Terror in Jakarta
Thursday's brazen attacks in downtown Jakarta raise a frightening specter: that Islamic State might gain a foothold in the world's most populous Muslim nation. As elsewhere, though, the best way to meet this threat is to appreciate its limits and not overreact.
Much remains unclear about the daylight assault in which gunfire and explosions rocked one of the main thoroughfares of Indonesia's capital, near offices occupied by the United Nations. But several hours after the attacks, Islamic State claimed responsibility, and Indonesian officials have cited Bahrun Naim, an Indonesian fighting with the group in Syria, as the plot’s ringleader. In recent weeks, authorities have detained nearly two dozen other suspected militants amid fears of a plot to target civilians over the holidays. Australia's attorney general warned last month that Islamic State hoped to establish a "distant caliphate" in Indonesia.
On paper, Southeast Asia would appear especially vulnerable to Islamic extremism. An alphabet soup of radical groups continues to evade authorities across Indonesia and the Philippines, often in remote areas ideal for hiding training camps. Laws and border controls can be lax; Indonesia, for instance, has moved slowly to criminalize going abroad to join a terror group. Meanwhile, a more conservative brand of Islam, spread in part by Wahhabi-funded mosques and madrassas, has become increasingly popular in both Indonesia and multiethnic Malaysia. Attacks on Myanmar's Rohingya Muslims have become a rallying cry across the region.
At the same time, the region's existing terrorist groups are small, scattered and relatively ineffective. While some have pledged allegiance to Islamic State, their influence remains weak. Indonesian prison officials have been able to divide and isolate some factions with almost comic ease. And Southeast Asian governments have recently increased their intelligence sharing and efforts to counter Islamic State's online appeals.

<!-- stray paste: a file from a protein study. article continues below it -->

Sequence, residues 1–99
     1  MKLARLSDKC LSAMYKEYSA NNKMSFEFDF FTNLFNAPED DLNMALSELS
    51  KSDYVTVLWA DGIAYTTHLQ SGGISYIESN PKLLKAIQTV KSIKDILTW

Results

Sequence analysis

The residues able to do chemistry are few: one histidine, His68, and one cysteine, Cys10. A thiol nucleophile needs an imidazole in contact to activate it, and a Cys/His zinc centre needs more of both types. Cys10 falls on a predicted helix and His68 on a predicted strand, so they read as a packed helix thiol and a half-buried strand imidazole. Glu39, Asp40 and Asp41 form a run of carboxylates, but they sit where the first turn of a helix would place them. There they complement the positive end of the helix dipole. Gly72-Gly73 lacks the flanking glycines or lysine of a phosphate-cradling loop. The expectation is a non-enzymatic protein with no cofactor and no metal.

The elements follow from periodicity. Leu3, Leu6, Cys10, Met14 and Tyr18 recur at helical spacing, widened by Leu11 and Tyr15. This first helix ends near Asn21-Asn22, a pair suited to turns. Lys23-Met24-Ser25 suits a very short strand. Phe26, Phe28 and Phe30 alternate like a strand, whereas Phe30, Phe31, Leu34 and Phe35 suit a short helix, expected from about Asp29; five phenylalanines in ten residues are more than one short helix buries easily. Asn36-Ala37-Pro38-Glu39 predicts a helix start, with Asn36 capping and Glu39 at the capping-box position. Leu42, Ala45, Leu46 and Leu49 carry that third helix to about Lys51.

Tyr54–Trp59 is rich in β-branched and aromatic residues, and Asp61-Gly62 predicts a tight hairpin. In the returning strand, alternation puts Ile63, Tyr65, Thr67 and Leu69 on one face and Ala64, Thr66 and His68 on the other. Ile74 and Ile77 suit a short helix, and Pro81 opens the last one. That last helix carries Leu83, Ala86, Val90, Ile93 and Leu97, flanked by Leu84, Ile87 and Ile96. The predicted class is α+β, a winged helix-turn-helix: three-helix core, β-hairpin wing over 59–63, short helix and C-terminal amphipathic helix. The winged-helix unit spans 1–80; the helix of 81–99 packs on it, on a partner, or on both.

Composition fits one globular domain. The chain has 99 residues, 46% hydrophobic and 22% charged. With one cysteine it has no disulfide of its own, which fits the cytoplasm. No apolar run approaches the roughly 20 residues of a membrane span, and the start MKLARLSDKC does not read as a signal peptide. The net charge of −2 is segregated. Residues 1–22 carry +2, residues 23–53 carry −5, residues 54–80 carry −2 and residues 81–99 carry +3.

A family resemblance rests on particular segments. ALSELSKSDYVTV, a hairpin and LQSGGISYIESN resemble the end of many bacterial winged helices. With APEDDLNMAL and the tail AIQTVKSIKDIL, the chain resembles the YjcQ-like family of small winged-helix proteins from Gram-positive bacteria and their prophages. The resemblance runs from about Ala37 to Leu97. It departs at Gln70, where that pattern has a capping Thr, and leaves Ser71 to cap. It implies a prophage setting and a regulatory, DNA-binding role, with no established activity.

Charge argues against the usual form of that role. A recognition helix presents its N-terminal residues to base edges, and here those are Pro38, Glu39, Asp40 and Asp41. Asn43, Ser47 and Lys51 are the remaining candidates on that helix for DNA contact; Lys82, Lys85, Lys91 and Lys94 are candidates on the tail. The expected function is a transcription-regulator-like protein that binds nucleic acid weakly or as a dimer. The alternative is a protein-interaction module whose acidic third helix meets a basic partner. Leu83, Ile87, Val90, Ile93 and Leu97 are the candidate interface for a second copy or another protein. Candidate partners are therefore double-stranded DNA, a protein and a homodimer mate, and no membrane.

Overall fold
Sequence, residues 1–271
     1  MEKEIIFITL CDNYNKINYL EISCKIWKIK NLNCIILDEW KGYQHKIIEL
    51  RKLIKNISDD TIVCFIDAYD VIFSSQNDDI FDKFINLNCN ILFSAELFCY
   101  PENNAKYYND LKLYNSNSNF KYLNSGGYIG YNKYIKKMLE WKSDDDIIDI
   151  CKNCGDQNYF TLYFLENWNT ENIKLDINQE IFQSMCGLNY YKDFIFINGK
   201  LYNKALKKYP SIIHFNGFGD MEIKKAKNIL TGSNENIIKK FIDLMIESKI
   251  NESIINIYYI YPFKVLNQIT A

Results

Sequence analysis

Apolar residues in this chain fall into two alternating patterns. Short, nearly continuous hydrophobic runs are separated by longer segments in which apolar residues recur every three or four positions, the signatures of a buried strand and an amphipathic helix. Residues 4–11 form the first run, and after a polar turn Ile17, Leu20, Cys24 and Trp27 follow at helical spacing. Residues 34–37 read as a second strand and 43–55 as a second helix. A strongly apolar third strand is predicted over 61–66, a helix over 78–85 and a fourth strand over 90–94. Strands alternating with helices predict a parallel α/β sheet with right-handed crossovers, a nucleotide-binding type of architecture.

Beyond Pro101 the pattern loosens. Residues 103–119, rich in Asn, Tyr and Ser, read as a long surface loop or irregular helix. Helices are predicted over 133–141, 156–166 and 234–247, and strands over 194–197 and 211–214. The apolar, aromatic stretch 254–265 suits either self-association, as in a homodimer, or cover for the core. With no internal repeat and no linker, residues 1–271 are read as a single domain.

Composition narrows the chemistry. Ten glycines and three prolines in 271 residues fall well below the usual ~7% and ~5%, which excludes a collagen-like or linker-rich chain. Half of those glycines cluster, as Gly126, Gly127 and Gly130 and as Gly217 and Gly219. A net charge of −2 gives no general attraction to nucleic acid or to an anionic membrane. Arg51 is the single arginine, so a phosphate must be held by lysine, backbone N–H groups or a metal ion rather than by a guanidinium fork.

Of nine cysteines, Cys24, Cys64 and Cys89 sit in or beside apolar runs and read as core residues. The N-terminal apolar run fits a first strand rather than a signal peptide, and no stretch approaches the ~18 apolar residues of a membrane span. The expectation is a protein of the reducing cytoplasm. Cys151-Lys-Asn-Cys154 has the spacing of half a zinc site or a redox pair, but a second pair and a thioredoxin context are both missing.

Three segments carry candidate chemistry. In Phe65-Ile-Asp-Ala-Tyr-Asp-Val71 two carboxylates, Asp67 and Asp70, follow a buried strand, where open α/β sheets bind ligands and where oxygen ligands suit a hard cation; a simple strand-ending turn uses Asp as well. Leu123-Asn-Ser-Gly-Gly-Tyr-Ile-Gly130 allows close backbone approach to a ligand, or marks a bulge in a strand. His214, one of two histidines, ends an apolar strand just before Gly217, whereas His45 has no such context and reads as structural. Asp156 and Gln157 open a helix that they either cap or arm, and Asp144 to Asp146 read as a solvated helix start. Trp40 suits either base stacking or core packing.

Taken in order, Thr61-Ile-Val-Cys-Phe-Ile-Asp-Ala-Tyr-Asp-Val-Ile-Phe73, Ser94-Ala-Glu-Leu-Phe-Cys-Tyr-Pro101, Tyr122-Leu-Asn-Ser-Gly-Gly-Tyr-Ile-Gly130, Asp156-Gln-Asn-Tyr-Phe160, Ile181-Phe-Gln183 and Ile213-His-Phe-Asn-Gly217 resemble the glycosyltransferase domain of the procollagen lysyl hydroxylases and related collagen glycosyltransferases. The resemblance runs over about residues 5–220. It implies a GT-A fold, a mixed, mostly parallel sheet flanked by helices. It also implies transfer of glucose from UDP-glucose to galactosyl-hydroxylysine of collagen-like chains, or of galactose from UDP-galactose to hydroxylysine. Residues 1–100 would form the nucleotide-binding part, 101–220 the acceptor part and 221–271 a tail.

While the number of Indonesians who have left to fight in Syria and Iraq is unclear, an official estimate of about 700 is almost certainly too high. Only about one in a million Muslim Indonesians has taken up arms with Islamic State, the U.S. Agency for International Development estimates; in France, the proportion is 18 times that.
Certainly there's more that governments in the region can do. Counterterrorism officials need to improve their ability to analyze and undermine Islamic State's social media communications, for example. Prison officials should cut off terrorism detainees' access to the Internet and mobile phones, as well as intensify efforts to combat recruitment from inside jails. Prison, police and intelligence officials could work much more closely together to create a fuller picture of known terrorists and their networks.
But there's a reason that Indonesia has proven generally resistant to Islamic extremism. Like India, which also has one of the world's biggest Muslim populations, it is a stable democracy that protects the rule of law and open expression, and it has a long tradition of religious tolerance. As authorities confront this latest threat, they can find strength in these virtues.
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